Thinking about adding a Sheepadoodle to your family and curious about the cost? You’re in the right place! Welcome to our “Sheepadoodle Price Guide: How Much Do They Cost”.
The cost of a Sheepadoodle can vary significantly. At the lower end, you might come across Sheepadoodle puppies priced around $795. However, this might not be the bargain you think it is. Such a low price can sometimes indicate that the puppy comes from less knowledgeable or careless breeders, potentially leading to health issues.
On the higher end, there are ‘turnkey’ Sheepadoodles, or those trained as guide or service dogs, which can fetch prices up to $28,900 for an 8-month old puppy. We’ll discuss what ‘turnkey’ entails later in this post
In this guide we will go into the ins and outs of the cost of a sheepadoodle. Whether it’s your first time owning a dog or you’re a seasoned pet parent, budgeting for a new furry friend is crucial. We’ll cover everything from the initial price tag to ongoing care expenses. So, let’s get started and discover what it really costs to bring one of these adorable, fluffy companions into your home.
How Much Does a Sheepadoodle Cost?
The average Sheepadoodle price is $2,000 to $4,000. Smaller Sheepadoodles tend to fetch a higher price than a standard Sheepadoodle. Their cost range is $3,500 to $4,500.
Keep reading to learn about how these and other influences can affect the cost of this designer breed.
7 Key Factors Influencing the Cost of a Sheepadoodle
1. Size: How Does Size Affect the Price of a Sheepadoodle?
The cost of a Sheepadoodle, a hybrid breed, is often affected by its size. Typically, Sheepadoodles come in different sizes – standard/medium, miniature, and micro mini. While some breeders charge the same price for all sizes most breeders charge a premium for the smaller sized Sheepadoodle.
- Standard Sheepadoodle: a cross between an old English Sheepdog and a Standard Poodle, are large dogs, often weighing over 50 pounds. This size tends to be less in demand so they are often sold for about 20% less than their smaller counterparts.
- Miniature Sheepadoodle: a cross between an Old English Sheepdog and a miniature Poodle is slightly smaller, these weigh between 25 and 40 pounds. Miniature Sheepadoodles are often in high demand due to their more manageable size. This demand can drive up their price compared to the standard variety.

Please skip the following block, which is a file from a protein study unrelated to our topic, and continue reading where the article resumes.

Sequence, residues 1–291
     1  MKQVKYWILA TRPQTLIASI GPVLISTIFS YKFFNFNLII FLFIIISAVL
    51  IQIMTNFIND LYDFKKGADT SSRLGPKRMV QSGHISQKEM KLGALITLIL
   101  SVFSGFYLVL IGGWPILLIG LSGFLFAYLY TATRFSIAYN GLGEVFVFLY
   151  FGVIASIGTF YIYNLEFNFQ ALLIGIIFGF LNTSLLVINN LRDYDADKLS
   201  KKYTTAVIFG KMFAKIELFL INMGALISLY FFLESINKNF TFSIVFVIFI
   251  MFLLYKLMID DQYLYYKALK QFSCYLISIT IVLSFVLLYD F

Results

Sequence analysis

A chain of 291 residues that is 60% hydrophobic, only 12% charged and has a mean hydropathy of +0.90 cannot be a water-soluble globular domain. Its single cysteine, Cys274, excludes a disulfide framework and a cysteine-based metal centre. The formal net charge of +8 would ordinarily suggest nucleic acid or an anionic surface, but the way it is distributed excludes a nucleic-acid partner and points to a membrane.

- Micro Mini Sheepadoodles: The smallest variant, an Old English Sheepdog and a toy poodle, usually weighs less than 25 pounds. Their compact size makes them highly desirable for people living in smaller spaces or looking for a smaller companion. The breeding process to maintain this smaller size can be more intricate and resource-intensive, often resulting in higher prices for toy Sheepadoodles.
Overall, the smaller the Sheepadoodle, the higher the cost tends to be. This is due to a combination of breeding challenges, demand, and the appeal of smaller dogs for urban living environments.
2. Training: How does training affect the Sheepadoodle Price?
Doodles often attract first-time dog owners with their adorable, teddy-bear-like faces and the promise of being easy to train. However, this has sometimes led to tales of unruly, hard-to-manage dogs. While it’s true that most doodles inherit the Poodle’s intelligence and eagerness to please, they still require proper puppy training from someone who has the patience, experience and time to train them.
Unfortunately, many first-time dog owners lack the necessary skills for effective dog training. To address this challenge, breeders have begun offering pre-trained puppies at an additional cost.
The extent and level of training varies among breeders. Some offer different tiers of training, while others specialize in providing fully trained “turnkey” dogs. Typically, these puppies are older than the standard 8 weeks when they join their new families.
What is a Turnkey Puppy?
While the definition of a “turnkey puppy” is ultimately up to the trainer, it generally refers to a puppy that has already undergone extensive training before going to its new home. The term “turnkey” implies that the puppy is ready to seamlessly integrate into its new family environment, much like a turnkey home is ready for immediate occupancy.
Here’s what typically defines a turnkey puppy:
- Advanced Training: Unlike a standard puppy that may not know any commands, turnkey puppies receive comprehensive training. This can include house training, obedience commands, socialization with people and other animals, and sometimes even more specialized training like service or therapy skills.
- Older Age: Turnkey puppies are usually older than the typical 8-week-old puppy sold by breeders. This is because it takes time to provide the level of training they receive. They might be 6 to 8 months old by the time they are ready for adoption.